the swing by jean honore fragonard
Name: The Swing (L’Escarpolette) (1767)
Artist: Jean-Honore Fragonard (1732-1806)
Medium: Oil painting on canvas
Genre: Genre painting
Movement: Rococo art
Location: Wallace Collection, London
For more background, see: the Rococo paintings of Hyacinthe Rigaud (1659-1743), painter to Louis XIV, and those of Elisabeth Vigee-Lebrun (1755-1842), painter to Queen Marie-Antoinette, as well as works by Jean-Baptiste Greuze (1725-1805). See also: French Decorative Art (c.1640-1792).
Clearly Fragonard had no qualms in fulfilling the Baron’s bawdy requests as one glance at The Swing shows that the painting is bursting with incomparable glee and rapture. The star, wearing a fluffy, ballet-pink dress, flies on a luscious red-cushioned swing through the outlandish foliage until she kicks her pink mule off of her foot, letting the ecstatic gentleman below see up her skirt.
Now regarded as one of the greatest painters in the Rococo movement, Jean-Honoré Fragonard’s prolific career was characterized by outstanding success in genre paintings of merriment and veiled hedonism. Likewise, the story of The Swing begins with the commission request by Baron Louis-Guillaume Baillet de Saint-Julien, who wanted a portrait of his mistress. The Baron was very clear in his salacious intentions, specifically asking that in the painting his mistress was pushed on a swing by a bishop, while he (the Baron) looked up his mistress’s dress.
- One copy, once owned by Edmond James de Rothschild,  portrays the woman in a blue dress. 
- The other is a smaller version (56 × 46 cm), owned by Duke Jules de Polignac.  This painting became the property of the Grimaldi family in 1930 when Pierre de Polignac (1895-1964) married Princess Charlotte, Duchess of Valentinois (1898-1977). In 1966, the Grimaldi & Labeyrie Collection gave it to the city of Versailles, where it is currently exhibited at the Musée Lambinet, attributed to Fragonard’s workshop.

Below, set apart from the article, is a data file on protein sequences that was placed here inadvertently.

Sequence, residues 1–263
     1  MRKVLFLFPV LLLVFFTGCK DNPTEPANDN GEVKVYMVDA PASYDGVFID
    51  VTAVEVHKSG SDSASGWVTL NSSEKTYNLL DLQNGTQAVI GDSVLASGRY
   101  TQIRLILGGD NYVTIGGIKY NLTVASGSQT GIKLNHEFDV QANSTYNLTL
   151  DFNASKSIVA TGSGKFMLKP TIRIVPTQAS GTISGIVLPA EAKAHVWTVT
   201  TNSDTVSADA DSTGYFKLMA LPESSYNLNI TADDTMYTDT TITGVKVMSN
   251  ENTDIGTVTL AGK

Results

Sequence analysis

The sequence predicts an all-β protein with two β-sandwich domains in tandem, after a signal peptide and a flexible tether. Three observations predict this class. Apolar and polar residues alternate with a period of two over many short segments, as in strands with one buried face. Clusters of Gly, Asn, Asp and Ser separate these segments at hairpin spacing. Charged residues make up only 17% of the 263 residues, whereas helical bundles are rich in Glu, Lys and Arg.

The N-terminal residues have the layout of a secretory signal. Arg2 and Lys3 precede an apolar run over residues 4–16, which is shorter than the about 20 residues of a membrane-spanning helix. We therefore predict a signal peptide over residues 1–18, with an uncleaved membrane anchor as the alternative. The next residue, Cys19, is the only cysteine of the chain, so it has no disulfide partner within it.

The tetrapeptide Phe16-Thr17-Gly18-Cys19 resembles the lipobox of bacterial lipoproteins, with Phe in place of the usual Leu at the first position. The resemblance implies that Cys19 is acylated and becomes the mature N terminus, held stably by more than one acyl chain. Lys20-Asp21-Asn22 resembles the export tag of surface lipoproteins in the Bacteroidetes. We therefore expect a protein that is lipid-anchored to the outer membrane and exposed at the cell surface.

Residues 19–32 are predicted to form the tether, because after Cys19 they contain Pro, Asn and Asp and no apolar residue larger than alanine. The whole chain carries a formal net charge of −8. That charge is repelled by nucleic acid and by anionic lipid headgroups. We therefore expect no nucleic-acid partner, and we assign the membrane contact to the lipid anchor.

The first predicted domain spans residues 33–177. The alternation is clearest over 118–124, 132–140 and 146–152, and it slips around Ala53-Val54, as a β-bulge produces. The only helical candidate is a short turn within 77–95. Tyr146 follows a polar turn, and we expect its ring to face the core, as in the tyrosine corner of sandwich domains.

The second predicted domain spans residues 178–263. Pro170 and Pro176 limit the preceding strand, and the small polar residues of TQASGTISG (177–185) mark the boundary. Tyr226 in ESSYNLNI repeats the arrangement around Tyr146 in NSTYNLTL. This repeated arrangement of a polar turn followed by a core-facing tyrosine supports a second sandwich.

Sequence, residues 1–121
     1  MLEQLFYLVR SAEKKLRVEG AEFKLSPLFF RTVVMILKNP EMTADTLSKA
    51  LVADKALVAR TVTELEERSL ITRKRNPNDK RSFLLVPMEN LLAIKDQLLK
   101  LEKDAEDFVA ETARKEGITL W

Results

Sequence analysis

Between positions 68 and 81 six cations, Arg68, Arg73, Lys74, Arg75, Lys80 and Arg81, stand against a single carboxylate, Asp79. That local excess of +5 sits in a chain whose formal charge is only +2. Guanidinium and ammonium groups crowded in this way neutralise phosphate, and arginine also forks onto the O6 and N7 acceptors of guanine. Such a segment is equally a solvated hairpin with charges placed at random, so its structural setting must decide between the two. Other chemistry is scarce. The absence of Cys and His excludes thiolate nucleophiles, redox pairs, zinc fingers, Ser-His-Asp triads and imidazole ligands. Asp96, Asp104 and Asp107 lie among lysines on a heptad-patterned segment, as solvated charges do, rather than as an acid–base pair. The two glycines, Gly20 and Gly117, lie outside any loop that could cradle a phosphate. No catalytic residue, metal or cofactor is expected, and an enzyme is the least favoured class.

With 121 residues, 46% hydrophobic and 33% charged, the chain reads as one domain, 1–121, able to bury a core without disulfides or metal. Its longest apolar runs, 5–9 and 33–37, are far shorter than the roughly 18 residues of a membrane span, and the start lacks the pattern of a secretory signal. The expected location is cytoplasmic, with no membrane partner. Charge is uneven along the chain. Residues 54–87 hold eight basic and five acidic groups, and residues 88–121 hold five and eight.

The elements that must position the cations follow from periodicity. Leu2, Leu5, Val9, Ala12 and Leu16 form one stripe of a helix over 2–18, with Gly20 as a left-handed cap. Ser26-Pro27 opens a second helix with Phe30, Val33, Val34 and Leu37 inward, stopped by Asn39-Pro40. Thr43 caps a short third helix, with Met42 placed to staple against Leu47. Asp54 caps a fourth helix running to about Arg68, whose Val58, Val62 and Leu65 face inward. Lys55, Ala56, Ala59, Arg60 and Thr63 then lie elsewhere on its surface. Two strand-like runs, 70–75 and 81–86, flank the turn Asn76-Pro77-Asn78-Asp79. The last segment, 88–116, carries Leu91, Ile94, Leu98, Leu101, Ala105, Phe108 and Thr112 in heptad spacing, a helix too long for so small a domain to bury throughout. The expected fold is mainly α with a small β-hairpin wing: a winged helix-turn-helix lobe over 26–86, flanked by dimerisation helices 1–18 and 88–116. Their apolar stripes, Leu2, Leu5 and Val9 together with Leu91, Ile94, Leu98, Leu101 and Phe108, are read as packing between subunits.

The original owner remains unclear. A firm provenance begins only with the tax farmer Marie-François Ménage de Pressigny, who was guillotined in 1794,  after which it was seized by the revolutionary government. It was possibly later owned by the marquis des Razins de Saint-Marc, and certainly by the duc de Morny. After his death in 1865, it was bought at auction in Paris by Lord Hertford, the main founder of the Wallace Collection. 
Click on the detail to see the full image.
And now look at Cupid’s pose. The god of desire, erotic love, attraction and affection watches on with an all-knowing smile – he knows what’s really going on, and he implores your silence. And so, this otherwise innocent little childhood game is suddenly filled with playful innuendo and the audience becomes part of the clandestine affair.
This summer 2019 saw the launch of our ground-breaking conservation and research project focused around the Collection’s eight masterpieces by Jean-Honoré Fragonard.
Fragonard’s iconic painting is one of the most emblematic images of 18th-century French art. A young woman wearing a lovely pink silk frock is tantalisingly positioned mid-air on a swing between her elderly husband on the right and her young lover on the left. The force of the swing caused one of her slippers to fly off, resulting in a privileged view for her lover whose delight is suggested by the symbolic offer of his hat.